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Yes, I am still expecting an upside breakout on the major averages sooner or later, but geopolitical tensions can sure challenge a bulls resolve. There was a lot of intrigue surrounding the air strike of a Syrian airbase late last week. The fact that it occurred almost parallel to the wining and dining of the Chinese President and his Generals (who were not given advance notice of the event) by President Trump at his Mar-a-Lago estate was almost surreal. Futures dove in the early hours on the news,
Traders were put to the test this week as an combination of economic and political news kept everybody on their toes. With a slow start to the new month as it was, things got interesting Wednesday when an ADP payroll report sent stocks rallying in front of the Fed minutes where the headlines was that the Fed's believe stocks were over priced. In case that was wasn't enough to send buyers in retreat, nearly simultaneously House Speaker Paul Ryan made comments about the lack of consensus on the tax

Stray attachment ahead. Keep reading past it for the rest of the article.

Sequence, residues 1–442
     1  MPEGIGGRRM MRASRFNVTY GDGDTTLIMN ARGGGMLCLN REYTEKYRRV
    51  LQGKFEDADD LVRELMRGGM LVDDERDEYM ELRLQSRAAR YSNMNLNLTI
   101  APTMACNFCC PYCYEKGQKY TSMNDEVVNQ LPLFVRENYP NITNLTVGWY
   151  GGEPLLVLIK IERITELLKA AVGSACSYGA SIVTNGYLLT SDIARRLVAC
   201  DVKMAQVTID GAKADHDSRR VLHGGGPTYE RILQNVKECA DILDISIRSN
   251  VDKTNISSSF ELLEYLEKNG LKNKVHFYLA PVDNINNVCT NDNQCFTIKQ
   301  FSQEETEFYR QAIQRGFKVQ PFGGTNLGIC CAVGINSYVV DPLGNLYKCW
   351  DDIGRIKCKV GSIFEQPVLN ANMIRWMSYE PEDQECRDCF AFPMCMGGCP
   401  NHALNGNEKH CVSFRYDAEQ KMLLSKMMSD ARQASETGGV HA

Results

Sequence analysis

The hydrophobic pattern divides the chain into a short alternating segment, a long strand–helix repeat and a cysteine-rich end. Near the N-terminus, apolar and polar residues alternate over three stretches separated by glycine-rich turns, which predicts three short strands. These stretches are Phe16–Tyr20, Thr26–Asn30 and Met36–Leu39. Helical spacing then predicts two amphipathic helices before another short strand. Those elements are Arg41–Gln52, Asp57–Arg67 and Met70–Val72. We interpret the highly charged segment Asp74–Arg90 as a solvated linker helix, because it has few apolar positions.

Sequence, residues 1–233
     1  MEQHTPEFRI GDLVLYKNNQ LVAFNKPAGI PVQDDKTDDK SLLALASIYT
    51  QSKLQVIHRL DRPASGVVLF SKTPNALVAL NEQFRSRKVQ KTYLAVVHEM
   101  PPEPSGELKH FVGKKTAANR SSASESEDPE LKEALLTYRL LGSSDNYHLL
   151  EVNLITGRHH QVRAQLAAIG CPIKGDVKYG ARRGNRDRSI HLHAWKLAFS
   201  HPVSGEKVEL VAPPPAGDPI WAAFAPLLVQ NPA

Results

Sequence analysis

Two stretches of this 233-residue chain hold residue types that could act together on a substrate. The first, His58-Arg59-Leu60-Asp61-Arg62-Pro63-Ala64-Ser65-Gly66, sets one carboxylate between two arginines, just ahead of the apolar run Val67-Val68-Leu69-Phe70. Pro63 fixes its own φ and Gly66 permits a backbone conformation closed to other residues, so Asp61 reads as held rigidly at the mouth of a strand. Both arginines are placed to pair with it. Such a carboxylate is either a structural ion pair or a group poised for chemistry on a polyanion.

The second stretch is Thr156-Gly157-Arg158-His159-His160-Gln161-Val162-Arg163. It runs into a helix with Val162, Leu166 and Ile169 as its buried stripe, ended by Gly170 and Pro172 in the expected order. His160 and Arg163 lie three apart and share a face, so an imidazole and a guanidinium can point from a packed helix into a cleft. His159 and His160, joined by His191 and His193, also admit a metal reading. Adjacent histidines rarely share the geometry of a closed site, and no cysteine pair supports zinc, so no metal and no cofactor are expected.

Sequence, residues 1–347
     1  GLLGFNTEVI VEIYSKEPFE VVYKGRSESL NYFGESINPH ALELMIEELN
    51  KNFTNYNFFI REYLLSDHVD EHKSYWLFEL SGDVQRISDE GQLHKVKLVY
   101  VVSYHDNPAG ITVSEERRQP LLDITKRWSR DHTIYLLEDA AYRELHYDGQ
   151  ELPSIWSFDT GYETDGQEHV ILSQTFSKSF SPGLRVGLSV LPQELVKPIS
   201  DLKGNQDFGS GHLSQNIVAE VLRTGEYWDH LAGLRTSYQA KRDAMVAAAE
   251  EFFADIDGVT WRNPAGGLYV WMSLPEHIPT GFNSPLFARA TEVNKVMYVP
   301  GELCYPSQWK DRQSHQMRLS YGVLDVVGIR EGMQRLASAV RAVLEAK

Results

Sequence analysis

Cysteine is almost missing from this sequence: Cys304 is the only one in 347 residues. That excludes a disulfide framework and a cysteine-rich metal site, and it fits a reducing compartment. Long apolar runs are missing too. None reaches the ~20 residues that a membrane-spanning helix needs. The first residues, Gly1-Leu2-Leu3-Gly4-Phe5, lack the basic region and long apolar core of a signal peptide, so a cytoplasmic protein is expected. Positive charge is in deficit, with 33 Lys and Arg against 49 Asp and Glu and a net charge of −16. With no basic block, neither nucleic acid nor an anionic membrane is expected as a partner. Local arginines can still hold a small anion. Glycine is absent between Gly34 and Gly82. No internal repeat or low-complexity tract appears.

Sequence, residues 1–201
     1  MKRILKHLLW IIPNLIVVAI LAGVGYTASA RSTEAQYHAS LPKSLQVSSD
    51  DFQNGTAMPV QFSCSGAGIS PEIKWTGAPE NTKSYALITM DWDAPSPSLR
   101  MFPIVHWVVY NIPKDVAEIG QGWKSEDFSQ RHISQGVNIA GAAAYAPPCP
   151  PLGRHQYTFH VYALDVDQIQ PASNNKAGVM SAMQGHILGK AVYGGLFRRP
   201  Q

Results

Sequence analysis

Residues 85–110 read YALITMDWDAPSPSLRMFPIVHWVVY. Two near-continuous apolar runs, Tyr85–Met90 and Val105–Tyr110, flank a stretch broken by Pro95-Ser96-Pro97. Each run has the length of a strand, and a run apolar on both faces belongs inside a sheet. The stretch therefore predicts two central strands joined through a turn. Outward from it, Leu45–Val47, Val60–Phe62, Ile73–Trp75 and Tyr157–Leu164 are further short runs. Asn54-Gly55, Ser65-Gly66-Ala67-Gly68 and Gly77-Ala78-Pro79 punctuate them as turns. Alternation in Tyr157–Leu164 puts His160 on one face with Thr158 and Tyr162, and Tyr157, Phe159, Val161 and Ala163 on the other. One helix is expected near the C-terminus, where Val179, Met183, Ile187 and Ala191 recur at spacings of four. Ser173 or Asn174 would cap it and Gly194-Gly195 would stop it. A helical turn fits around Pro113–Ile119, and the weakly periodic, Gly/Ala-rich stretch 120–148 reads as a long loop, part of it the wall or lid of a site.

US created only 98,000 jobs in March, vs 180,000 expected
- Nonfarm payrolls up 98,000, unemployment rate at 4.5 percent
- Winter weather, retail slide cited for weakness
- "Real" unemployment rate at 8.9 percent, lowest in more than nine years
More: US created 98,000 jobs in March, vs 180,000 expected
The market action yesterday may be looked at from a couple of vantage points, and depending on which angle you take, the action may have seemed bullish, or bearish. The Dow ended the day up 15-points, but it was up over 90 earlier in the afternoon so the bulls gave way and couldn't hold onto those gains. But the bears had many reasons to push things lower yesterday, and they didn't do a good job either.
It was a nasty reversal for stocks on Wednesday as a nearly 200-point rally in the Dow turned into a 41-point loss by the close. It was the worst reversal in 14 months. The charts had improved greatly with the early action, but the Fed Minutes and some comments from Speaker of the House Paul Ryan reversed everything.